Contemporary Languages of Color: Cultivating
Nuance and Complexity
Its relatively easy and comfortable to investigate value symbolism
in popular culture or literature. It may be less comfortable to
examine the nuances of language within our own classrooms. For example,
in a typical classroom, students will be disappointed to receive
low marks; pleased to discover that they have achieved a high
standard. In a typical art education curriculum, students studying
value scales will be taught to call dark values low values
and light values high values. What messages are we sending
Some may argue that analyzing language in this way is getting too
touchy, that I am too quick to look for insult and injury where
none is intended. Yet it is important to remember that being oblivious
to the racial implications of situations or language is a luxury
of being white in a society that privileges whiteness. It is precisely
this covering of difference that as artist educators we must investigate
Kerry James Marshall creates complex, layered text and image paintings
that reflect upon the lived experiences of African American people.
The skin tones of all of his figures are a saturated black. Marshall
describes his work as a reclamation project.
"Its a reductive strategy, but its also an idealizing
strategy after a long period of black people thinking and assuming
that to be called black was a negative designation. In that way
a lot of people fall into Eurocentric notions that black is bad."
"I chose that blackness as an emblem. Its not a negative
reduction because when you look at the images they are not drawn
in a simplified, flattened way. I always try to imbue the figures
with incredible resonance and density so that they seem to have
a certain kind of life force. Their differences are articulated
even as they are reduced in terms of color to a single cipher. Theyre
not all the same. They may look all the same at a distance--they
are not all the same." (personal communication, March 1996.)
Discussing his reflections on black and white symbolism as a thoughtful
"The bad guy is wearing black, but then
I see these people going to a high class social affair and they
tell me that that's a black tie affair--that I cant go in
unless Im dressed in black. That must mean that its
more complex . I thought. How can black be elegant and no
good at the same time?'
"Simba, the white lion of the jungle, Tarzan king of the jungle--one
white man beats up a whole tribe of black people--well that all
seemed so absurd. If I see how ridiculous all of that is to start
with maybe Im less inclined to be particularly angry about
those representations when I see them. I saw it from when I was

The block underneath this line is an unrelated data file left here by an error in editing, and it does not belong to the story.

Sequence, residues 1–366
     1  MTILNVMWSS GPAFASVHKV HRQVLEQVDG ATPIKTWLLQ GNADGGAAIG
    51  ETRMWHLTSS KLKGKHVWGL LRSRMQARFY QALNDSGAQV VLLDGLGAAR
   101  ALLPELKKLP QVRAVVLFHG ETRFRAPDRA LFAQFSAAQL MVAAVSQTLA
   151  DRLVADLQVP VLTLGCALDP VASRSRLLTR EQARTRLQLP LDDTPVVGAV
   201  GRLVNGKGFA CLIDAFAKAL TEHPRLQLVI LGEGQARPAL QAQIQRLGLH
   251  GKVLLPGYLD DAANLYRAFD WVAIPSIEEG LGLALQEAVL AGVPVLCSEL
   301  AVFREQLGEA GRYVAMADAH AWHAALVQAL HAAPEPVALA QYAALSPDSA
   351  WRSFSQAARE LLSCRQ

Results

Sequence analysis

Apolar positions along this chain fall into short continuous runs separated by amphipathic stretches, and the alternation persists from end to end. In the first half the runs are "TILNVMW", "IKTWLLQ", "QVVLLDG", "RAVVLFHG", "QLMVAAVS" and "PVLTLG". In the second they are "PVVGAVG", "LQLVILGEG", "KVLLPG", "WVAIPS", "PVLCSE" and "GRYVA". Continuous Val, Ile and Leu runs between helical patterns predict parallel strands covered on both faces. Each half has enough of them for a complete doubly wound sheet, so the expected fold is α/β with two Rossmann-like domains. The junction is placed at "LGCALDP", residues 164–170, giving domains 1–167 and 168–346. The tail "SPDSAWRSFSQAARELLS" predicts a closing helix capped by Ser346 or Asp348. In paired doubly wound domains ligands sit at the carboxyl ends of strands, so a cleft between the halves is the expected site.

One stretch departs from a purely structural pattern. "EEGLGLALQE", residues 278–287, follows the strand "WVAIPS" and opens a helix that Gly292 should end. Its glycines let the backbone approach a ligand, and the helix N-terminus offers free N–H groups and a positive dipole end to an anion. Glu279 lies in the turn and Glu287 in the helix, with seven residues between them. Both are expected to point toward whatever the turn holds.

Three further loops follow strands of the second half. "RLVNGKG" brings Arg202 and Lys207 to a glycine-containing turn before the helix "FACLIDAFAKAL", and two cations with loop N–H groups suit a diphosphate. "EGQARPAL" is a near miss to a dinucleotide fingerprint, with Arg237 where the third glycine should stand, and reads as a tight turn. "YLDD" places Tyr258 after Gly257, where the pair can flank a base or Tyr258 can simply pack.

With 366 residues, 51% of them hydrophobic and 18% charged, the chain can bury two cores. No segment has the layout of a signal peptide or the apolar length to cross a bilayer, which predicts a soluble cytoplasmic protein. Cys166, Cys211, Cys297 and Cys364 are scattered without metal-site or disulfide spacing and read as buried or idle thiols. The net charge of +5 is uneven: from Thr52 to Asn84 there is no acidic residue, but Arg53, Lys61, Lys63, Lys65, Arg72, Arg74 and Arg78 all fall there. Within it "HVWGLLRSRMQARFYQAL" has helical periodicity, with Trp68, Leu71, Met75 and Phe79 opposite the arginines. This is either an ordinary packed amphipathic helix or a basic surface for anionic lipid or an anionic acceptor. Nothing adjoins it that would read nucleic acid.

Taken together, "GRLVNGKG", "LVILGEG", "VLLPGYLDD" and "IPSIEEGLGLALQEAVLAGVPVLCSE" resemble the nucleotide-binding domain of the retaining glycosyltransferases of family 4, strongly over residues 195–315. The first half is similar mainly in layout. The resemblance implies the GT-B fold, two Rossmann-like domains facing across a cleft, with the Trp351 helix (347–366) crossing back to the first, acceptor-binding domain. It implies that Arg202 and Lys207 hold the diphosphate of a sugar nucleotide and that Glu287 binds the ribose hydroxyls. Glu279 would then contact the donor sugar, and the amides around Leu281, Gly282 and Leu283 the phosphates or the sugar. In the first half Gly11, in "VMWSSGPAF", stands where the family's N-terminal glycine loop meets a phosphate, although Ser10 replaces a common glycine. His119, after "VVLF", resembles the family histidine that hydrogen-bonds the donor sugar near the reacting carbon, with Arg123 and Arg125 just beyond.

a kid. There's something more to this than what Im hearing
(personal communication, March 1996)
Marshalls words point to the importance of drawing our students
into conversations that enable them to critically examine the full
complexity of their observations and insights about how symbol systems
create meaning in our lives. Teachers who ignore the obvious racial
implications of the language of color in our race-conscious society,
risk inadvertently teaching students that the language of art and
symbolism taught in the artroom is not relevant to their lived experiences.
As art teachers, we educate students to be attentive to nuance.
We enable students to understand artworks through careful observation
and by contextualizing the works within a range of appropriate associations.
To do this work effectively, we as teachers must be alive to the
many currents of cultural meaning that flow through our classrooms
and our discourses. Teachers are sometimes concerned that students
may become angry or upset when directly confronting negative color
symbolism in class discussion. I believe students lose faith in
a system of education that ignores or suppresses the resonance and
echoes of complex cultural issues in subject matter.
In my experience, students are reassured when the school environment
gives them the tools to understand and analyze how familiarity and
otherness are created in culture. Ultimately, students,
parents, and fellow faculty from the schools diverse communities,
feel respect for art programs that express their commitment to multi-culturalism,
not as merely studying diversity from the point of view of mainstream
white America, but who see multi-culturalism as teaching students
to see art and culture from a range of subjective positions.
W.E. B. Duboiss dictum that The problem of the twentieth
century is the problem of the color line is still alarmingly
relevant in of the twentyfirst century. We cannot erase color lines
by trying not to see them. We can color our students visions
of the future. Students can understand, analyze, and resist divisive
messages from the media and high culture.
We all see so much negative color symbolism,
it sometimes seems to be hardwired into our brains. By showing that
this is culturally constructed meaning, art teachers model that
such meaning can also be culturally deconstructed.
We can construct a colorful and color
blind culture, what the great African American poet Langston Hughes,
called the America, that never was, but yet could be.
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Dubois, W.E.B. (1989, 1903). The
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Feelings, T. (1995, Winter). Telling the Truth of the Middle Passage:
an interview with Tom Feelings. Rethinking
Hooks, bell. (1991) Representing Whiteness in the Black Imagination.
(L. Grossberg, C. Nelson, P. Treichler, Eds.) New York: Routledge.
Itten, J. (1961). The Art of Color.
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Johnson, J.W. (1995, 1912). The
Autobiography of an Ex-Colored Man.
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